By now, I'm sure EVERYONE has seen Bobbit Worm predation. But if not, and you want to learn more about Bobbit worm taxonomy, Go here
Face to face (Eunice aphroditois)

Bobbit Worm
ON the other hand, here is an eversible proboscis in a lugworm, Arenicola proboscis, which is a deposit feeder

and to cover the full gamut, this video shows the proboscis in what looks to be some scavenging. I do not vouch for the identifications..

Wednesday, July 15, 2015

Biology we have learned from James Cameron's DeepSea Challenger Expedition!

Image from the Census of Marine life
This week a new paper that I think everyone will be interested in! Remember back in 2012 when filmmaker James Cameron (famous for Terminator 2, Titanic, and Avatar) personally travelled down to the deepest known place on earth (> 10,000 meters!)?

It was in all the papers! There was certainly some good criticism of what was accomplished but many argued that even though Cameron himself did not bring back very much, he did apparently make some collections which were studied by scientists at Scripps Institute of Oceanography in San Diego, California, and as explained by Deep Sea News' Holly Bik even mud from that depth holds the potential for interesting data (here).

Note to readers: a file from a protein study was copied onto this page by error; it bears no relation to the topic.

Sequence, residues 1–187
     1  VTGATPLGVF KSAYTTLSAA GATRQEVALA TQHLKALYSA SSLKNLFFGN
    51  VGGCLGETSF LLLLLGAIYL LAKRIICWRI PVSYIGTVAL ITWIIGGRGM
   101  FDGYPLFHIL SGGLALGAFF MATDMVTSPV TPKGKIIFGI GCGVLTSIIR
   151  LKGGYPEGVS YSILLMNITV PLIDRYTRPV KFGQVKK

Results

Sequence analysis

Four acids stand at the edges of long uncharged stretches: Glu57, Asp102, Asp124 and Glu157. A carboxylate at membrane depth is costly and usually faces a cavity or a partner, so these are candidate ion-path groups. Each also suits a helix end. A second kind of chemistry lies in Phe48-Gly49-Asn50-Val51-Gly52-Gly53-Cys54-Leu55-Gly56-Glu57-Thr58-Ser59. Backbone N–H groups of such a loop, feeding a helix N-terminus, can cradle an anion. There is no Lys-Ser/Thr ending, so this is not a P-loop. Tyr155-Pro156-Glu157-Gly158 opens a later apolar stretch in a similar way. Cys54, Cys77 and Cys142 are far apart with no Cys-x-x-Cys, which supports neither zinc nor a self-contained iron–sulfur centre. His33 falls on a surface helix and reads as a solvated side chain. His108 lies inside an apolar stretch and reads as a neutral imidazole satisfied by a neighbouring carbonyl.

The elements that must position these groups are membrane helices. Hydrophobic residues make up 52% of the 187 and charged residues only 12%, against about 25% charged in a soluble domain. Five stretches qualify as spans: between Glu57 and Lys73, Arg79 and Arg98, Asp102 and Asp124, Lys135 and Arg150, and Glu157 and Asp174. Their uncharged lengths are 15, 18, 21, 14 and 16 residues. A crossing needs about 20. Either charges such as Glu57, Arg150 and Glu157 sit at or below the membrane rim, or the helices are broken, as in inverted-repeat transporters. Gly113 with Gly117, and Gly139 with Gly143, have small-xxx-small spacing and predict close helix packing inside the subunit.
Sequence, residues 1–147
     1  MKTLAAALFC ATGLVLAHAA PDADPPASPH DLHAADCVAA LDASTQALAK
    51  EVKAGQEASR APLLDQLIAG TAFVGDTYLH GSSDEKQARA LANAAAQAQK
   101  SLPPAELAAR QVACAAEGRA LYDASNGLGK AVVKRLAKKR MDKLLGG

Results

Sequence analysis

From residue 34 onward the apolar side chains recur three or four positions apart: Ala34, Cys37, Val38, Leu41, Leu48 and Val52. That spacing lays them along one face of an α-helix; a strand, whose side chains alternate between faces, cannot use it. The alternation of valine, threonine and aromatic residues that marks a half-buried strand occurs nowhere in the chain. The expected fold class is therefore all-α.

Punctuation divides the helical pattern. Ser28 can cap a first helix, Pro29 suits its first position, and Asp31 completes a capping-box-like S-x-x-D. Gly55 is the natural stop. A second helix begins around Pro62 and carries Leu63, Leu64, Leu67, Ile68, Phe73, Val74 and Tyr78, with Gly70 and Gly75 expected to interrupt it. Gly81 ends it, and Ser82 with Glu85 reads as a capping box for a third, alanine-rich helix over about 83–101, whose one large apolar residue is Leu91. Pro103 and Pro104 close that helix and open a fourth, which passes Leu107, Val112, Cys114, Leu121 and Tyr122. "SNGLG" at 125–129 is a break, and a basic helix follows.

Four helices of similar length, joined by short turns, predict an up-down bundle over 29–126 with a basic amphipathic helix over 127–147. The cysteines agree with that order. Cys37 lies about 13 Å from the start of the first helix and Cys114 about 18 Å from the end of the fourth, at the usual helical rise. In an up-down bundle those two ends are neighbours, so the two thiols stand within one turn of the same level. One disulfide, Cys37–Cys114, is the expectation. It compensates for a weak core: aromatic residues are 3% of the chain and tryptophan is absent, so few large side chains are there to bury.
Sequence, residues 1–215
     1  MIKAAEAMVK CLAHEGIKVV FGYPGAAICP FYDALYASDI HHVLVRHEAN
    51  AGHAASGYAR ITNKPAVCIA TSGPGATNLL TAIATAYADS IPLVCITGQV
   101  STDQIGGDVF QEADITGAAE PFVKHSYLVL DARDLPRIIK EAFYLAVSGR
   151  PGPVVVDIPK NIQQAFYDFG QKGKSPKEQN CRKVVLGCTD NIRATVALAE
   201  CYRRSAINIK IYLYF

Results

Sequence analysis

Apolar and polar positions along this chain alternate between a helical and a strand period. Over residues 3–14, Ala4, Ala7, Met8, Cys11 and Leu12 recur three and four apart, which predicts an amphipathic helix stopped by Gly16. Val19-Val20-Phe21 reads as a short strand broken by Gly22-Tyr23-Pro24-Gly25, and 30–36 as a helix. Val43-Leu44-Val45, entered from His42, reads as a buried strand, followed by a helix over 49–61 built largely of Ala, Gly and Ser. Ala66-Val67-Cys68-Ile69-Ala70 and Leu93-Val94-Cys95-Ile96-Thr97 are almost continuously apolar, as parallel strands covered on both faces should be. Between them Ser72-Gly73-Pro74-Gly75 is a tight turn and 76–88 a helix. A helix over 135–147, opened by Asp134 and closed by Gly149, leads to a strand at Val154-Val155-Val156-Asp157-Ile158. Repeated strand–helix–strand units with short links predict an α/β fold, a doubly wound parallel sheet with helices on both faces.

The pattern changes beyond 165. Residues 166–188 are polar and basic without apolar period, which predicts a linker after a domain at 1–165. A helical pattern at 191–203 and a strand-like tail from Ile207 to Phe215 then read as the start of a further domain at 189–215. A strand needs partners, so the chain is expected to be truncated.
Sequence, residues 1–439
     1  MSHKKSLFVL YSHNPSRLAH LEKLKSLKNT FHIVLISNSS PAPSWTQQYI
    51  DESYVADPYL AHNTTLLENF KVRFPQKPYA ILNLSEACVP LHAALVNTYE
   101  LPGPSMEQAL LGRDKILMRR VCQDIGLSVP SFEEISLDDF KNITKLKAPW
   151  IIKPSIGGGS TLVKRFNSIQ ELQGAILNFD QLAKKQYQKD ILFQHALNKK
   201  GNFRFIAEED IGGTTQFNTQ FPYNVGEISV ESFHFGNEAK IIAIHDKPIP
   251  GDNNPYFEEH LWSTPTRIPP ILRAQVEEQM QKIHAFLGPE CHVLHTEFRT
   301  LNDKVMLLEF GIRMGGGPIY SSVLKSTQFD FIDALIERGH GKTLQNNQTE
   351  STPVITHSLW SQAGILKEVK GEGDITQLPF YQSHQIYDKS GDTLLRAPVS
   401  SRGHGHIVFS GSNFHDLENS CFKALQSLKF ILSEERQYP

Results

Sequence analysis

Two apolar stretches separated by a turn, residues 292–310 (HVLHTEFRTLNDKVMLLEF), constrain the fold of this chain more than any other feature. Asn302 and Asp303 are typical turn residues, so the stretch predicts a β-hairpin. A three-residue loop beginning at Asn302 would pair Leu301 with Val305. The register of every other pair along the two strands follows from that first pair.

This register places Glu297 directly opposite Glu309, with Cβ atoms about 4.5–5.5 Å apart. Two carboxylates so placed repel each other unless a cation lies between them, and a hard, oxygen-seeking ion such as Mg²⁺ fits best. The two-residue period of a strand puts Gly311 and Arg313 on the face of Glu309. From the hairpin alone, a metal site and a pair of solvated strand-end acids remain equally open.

So, here we are now THREE years later and one of the first papers detailing results from Cameron's Expedition has been published!! !

The OPEN ACCESS paper was published just recently in Deep Sea Research in the May 2015 issue, written by Natalya Gallo at Scripps Institution of Oceanography and a host of coauthors, including yes, director James Cameron. 

Cameron famously descended in the one-man submersible, DeepSea Challenger to 10,000 meters where he took some video and grabbed some mud..
I saw him and his team as they stopped in DC on their way up to deposit the sub at Woods Hole Oceanographic awhile back...